The DNR is warning hunters of the neurological disease that is threatening the state's deer population. Chronic Wasting Disease has been found in several counties in Michigan including Ingham County, Clinton County, and most recently in Montcalm, Kent and Ionia Counties.
Today during a Natural Resources Commission meeting, experts with the DNR presented the recent research on the impact of CWD.
"The concern is once CWD becomes detected in an area it tends to exponentially grow and accumulate both in the environment and in the deer herd," deer management specialist for the DNR Chad Stewart said.
Chronic Wasting Disease symptoms include a deer walking funny, standing with a wide stance or foaming or excess saliva around the mouth.
"It is a very slow moving but still progressive disease that eventually causes loss of neurological function," Stewart said.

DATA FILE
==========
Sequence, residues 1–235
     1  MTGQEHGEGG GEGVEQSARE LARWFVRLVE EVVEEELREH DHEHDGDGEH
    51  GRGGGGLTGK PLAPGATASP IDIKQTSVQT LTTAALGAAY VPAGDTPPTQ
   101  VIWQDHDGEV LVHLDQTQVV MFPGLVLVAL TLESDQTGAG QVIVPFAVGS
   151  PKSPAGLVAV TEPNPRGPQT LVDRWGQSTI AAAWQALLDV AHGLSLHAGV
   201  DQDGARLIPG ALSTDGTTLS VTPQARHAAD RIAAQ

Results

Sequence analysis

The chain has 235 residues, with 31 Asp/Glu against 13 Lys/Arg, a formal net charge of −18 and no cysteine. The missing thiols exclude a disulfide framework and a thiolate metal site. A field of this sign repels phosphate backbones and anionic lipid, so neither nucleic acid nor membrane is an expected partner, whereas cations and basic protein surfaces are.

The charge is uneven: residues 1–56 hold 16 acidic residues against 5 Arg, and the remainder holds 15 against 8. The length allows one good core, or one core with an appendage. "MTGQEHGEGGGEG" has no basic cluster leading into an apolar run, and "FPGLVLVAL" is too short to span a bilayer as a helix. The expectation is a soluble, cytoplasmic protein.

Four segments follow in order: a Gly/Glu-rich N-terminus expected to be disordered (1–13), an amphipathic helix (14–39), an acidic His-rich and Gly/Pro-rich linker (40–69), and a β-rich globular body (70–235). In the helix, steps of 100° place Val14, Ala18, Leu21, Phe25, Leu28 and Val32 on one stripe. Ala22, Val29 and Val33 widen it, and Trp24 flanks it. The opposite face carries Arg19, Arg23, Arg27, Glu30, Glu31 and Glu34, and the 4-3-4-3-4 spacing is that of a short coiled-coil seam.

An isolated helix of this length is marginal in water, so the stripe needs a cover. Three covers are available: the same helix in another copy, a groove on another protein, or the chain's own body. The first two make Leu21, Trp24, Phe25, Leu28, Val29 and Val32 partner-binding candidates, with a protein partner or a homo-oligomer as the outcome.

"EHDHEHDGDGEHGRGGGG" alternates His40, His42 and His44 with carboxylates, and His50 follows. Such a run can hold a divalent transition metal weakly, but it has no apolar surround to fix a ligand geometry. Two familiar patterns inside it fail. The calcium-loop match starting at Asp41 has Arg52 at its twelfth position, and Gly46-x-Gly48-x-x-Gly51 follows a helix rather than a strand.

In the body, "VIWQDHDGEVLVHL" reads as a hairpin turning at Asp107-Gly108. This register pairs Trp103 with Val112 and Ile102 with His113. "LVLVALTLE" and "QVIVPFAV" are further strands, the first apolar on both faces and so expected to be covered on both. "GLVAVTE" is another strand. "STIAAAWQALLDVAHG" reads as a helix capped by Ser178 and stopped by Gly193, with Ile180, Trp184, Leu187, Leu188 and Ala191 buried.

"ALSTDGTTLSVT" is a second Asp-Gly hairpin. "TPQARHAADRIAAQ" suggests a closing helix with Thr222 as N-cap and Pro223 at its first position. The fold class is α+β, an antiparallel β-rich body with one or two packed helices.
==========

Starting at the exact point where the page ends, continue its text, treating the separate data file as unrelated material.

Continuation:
Deer may not show signs of the disease for several months.
"Deer are social animals, they tend to pass it directly from one to another or indirectly by contaminating the environment which can remain infectious for several years, to another deer," Stewart said.
With five counties now on the DNR's radar, experts are encouraging hunters to bring their game in for testing.
"What we encourage hunters to do or anybody that is consuming venison is to get your deer tested and that goes a long way in informing whether or not the deer has CWD or not," Stewart said.
Even if the deer isn't acting strange, it could still be infected.
"If you're in an area that is known to have CWD or along the periphery of that area and you see a deer that is acting abnormally, certainly give a local DNR biologist a call," Stewart said.
The DNR will have three other meetings within the next few months to discuss the state's plan combating CWD moving forward.
They encourage hunters and people in the community to go to their website to understand what the disease is, the signs and symptoms and what you should do if you see a deer exhibiting strange behavior.
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